Being self-employed can be tricky, but it can also be extremely rewarding. As your own boss, you’re free to work whenever and wherever you want, and don’t answer to anyone but yourself — except maybe to your customers. However, with great power comes great responsibility, and you’ll remember that when you’re filling out forms for the Patent and Registration Office or figuring out how much you can pay yourself and still keep the business running. Most of all, being self-employed is being able to do what you love and make a living doing it.
And that’s exactly what Sara Louhela and Jesse Jokinen are doing. They both decided to become self-employed, but they chose different paths to do it. In Finland, there are several ways for one to sell their own products, time or expertise, so we had a chat with Sara and Jesse to understand two of those ways a bit better and to learn how they suit these two young entrepreneurs.
Sara recently opened an online store, but her shop is where her heart is
A passion for sustainable fashion
Sara runs a vintage and secondhand outlet, Threads Vintage & Secondhand, with an online store and a shop in Kruunuhaka, Helsinki. She is a private trader, registered in the Trade Register as herself, and she has her own business, which in turn has a company name: Threads Vintage. In Finnish, private traders are often referred to as “toiminimi”, but legally speaking “toiminimi” actually means the company name. Some benefits of being a private trader— also known as proprietorship — are having your company name protected, being able to buy things as a company and thus making them tax-deductible and being able to apply for an enterprise mortgage as a security for a loan. For Sara, this method of self-employment seemed like the natural choice. “I had to review the different kinds of companies, but it was pretty clear from the start that I’d go for proprietorship,” she says, “I work alone, but I also have a physical store and import goods from abroad, so freelancing wasn’t really an option.”
Already when Sara was deciding where to study, she had this idea of having her own small store. After graduating, she ended up working for several different clothing companies, but none of them felt right. “I started to feel eco-anxiety and wanted to be more helpful somehow, to make a difference,” she says. That’s how she came up with the idea of a secondhand store. “I wanted to bring the clothing industry into a better direction, even if it’s a small step.” More secondhand clothes used means fewer clothes produced, which means saved resources and a cleaner future.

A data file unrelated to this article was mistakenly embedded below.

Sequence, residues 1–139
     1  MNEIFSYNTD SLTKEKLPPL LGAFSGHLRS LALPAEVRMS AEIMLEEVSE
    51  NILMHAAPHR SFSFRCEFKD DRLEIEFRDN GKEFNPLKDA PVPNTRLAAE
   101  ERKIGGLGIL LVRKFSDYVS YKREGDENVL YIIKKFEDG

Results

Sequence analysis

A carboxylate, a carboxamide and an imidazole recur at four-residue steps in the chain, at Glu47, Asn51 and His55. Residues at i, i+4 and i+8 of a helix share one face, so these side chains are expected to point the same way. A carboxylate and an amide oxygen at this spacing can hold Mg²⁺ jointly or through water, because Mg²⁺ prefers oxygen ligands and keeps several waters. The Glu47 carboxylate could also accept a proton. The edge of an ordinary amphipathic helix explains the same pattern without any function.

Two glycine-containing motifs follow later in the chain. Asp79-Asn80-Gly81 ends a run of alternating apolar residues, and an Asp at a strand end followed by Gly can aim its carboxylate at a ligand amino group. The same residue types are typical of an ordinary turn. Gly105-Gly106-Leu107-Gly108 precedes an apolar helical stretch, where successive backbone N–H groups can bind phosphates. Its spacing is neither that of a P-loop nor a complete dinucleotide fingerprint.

I wanted to be more helpful somehow, to make a difference.
Now she’s making a difference, one small step and one sold piece of clothing at a time. Covid has been tough for business, but she’s managed to get peoples’ attention with her highly curated selection. “I bring in inspiring secondhand clothes from abroad, things that are hard to come by in Finland and that are a bit different to what we’re used to here,” she says. Just buying interesting clothes and selling them on isn’t enough for her however, so she also spends a lot of time fixing, altering or even making clothes. That allows her to sell truly unique pieces available nowhere else, and to embrace her DIY-attitude. Sometimes customers also want to sell or donate their old clothes to her, and while they can broaden the selection she also has to refuse at times. “I really appreciate the thought, but I want to keep my own style, so I can’t accept everything.”
Sara sees being an entrepreneur as an extension of herself. “I am the brand. Everything I’ve learned, everything I am is reflected in my business, and what happens with the business is reflected in me. There’s a lot of freedom, but not so much free time, “she says. Sometimes being so heavily involved in your job can be frightening, and Sara admits that it can be scary to give so much of oneself without knowing how people respond: “I’m kind of selling who I am, and if people don’t like it, it’s easy to think they don’t like me.” Despite the challenges, she’s really happy with her choice, and she feels like this is what she truly wants to do. “Entrepreneurship is a journey. I don’t know where I’ll be in three of five years, but right now, I’m exactly where I want to be,” she says.
Sara’s tips for aspiring sole traders: